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# Load Packages -----------------------------------------------------------

library(tidyverse)

# Import Data -------------------------------------------------------------

penguins <- read_csv("penguins.csv")

# select() ----------------------------------------------------------------

penguins

# With select() we can select variables from the larger data frame.

penguins |> 
  select(bill_length_mm)

# We can also use select() for multiple variables:

penguins |>
  select(bill_length_mm, bill_depth_mm)

# select() has several helper functions for selecting variables.

# The contains() function finds any variable with certain text 
# in the variable name:

penguins |>
  select(contains("bill"))

# The starts_with() function allows us to select variables 
# that start with certain text:

penguins |> 
  select(starts_with("bill"))

# The ends_with() function allows us to select variables that end with certain text:

penguins |> 
  select(ends_with("mm"))

# We can select a range of columns using the var1:var2 pattern

penguins |> 
  select(species:bill_length_mm)

# We can drop variables using the -var format:

penguins |> 
  select(-bill_length_mm)

# We can drop a set of variables using the -(var1:var2) format:

penguins |> 
  select(-(bill_length_mm:flipper_length_mm))

Your Turn

Copy the code below into your R script file and complete the exercises. Please make sure you are using the CSV file that you downloaded from https://rfor.us/penguins. If you use the penguins_data.csv file from the Getting Started with R course or continue to use the penguins object you created in that course, you will run into problems!

# Load Packages -----------------------------------------------------------

# Load the tidyverse package

library(tidyverse)

# Import Data -------------------------------------------------------------

# Download data from https://rfor.us/penguins
# Copy the data into the RStudio project
# Create a new R script file and add code to import your data

penguins <- read_csv("penguins.csv")

# select() ----------------------------------------------------------------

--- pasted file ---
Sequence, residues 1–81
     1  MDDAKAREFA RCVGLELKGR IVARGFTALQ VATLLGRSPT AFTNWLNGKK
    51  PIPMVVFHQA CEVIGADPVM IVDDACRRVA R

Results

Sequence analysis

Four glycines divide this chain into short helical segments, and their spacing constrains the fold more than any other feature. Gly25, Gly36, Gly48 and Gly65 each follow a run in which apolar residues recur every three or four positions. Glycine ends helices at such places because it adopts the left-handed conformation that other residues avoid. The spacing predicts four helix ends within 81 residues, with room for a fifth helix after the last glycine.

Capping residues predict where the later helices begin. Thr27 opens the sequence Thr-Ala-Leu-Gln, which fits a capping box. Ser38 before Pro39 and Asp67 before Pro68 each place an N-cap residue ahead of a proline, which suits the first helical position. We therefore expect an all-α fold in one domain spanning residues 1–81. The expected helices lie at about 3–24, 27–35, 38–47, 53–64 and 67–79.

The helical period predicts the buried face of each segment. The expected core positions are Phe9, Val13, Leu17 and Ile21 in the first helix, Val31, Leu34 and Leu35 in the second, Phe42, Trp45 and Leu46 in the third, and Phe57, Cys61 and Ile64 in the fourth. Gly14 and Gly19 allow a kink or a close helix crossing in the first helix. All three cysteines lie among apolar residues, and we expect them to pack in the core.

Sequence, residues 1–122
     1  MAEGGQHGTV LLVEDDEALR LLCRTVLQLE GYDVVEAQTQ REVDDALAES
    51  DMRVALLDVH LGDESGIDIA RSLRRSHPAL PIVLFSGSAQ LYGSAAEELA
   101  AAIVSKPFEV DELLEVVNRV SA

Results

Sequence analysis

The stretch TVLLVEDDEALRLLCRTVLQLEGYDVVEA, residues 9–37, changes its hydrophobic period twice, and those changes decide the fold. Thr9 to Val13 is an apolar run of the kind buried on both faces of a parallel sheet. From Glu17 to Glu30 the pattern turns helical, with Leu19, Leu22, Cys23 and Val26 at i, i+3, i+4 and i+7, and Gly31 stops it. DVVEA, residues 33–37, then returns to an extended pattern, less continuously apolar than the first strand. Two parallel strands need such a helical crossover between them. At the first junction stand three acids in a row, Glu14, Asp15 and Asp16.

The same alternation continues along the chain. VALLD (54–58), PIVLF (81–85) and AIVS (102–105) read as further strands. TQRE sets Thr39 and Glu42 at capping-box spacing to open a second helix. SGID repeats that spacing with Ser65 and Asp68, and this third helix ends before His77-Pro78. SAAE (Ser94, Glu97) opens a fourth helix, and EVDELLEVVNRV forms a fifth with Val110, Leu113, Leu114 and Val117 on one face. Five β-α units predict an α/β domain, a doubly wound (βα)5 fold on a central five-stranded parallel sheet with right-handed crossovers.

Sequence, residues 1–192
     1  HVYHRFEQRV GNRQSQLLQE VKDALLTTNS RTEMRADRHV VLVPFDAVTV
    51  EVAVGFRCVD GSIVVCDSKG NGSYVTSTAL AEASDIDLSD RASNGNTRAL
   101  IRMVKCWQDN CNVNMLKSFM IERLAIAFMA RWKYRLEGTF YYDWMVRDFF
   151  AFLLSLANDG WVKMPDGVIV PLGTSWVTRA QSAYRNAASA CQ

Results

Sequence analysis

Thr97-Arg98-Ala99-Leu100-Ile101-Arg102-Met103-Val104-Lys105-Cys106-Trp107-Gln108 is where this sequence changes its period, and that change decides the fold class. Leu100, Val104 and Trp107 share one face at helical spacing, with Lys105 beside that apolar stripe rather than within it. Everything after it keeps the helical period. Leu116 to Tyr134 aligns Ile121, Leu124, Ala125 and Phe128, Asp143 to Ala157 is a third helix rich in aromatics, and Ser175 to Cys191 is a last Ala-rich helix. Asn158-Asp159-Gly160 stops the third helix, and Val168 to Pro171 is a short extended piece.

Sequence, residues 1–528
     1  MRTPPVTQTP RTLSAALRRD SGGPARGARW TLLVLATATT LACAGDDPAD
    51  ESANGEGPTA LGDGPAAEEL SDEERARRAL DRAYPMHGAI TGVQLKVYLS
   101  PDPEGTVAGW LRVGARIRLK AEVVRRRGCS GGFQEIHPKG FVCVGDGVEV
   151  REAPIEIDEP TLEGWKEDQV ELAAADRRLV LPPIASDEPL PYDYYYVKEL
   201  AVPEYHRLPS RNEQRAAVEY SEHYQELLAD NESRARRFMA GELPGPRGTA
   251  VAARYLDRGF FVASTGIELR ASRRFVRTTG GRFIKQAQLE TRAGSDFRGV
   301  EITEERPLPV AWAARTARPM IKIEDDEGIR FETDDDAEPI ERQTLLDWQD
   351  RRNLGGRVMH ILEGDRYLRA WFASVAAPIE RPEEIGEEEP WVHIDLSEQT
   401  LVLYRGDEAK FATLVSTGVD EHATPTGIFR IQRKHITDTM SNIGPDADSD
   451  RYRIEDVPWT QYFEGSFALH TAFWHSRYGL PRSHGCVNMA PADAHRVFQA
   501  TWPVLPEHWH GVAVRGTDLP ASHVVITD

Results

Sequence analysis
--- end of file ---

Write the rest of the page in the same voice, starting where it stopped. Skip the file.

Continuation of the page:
# Use select() to keep only the sex variable

# YOUR CODE HERE

# Use select() to keep the island and sex variables

# YOUR CODE HERE

# Use one of the select() helper functions to keep all variables that have the letter s in their names

# YOUR CODE HERE

# Use one of the select() helper functions to keep all variables that start with the letter b

# YOUR CODE HERE

# Use select() to keep the variables from island to the end

# YOUR CODE HERE

# Use the dropping syntax with - to keep the same variables as above (island to the end)

# YOUR CODE HERE

# Drop all variables from bill_length_mm to body_mass_g
			
# YOUR CODE HERE

Learn More

To learn more about the select() function, check out Chapter 3 of R for Data Science.

Have any questions? Put them below and we will help you out!

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This may be covered in a future lesson, but I'm wondering about toggling variables on/off in the data view instead of using the select() function. I understand that the select() function will allow me to view the data for selected variables in the console, though I don't find this very useful (or maybe am just not used to it?), as it's providing such a small snippet of the data (i.e. only the first 10 rows, also not sure how this would look if I were asking to a dataset that is 40 vars wide). Currently, when I'm reviewing my data in Stata, I open up the data viewer, which looks similar to the data tab in R Studio. I can then select any variables to show/hide directly in this panel, and then may highlight a particular observation of interest and toggle additional variables on or off. I'm not sure that the select() function in R Studio would allow me to explore my data as seamlessly -- but, like I said, maybe this will come in a future lesson, or I will get used to viewing my data in the console :P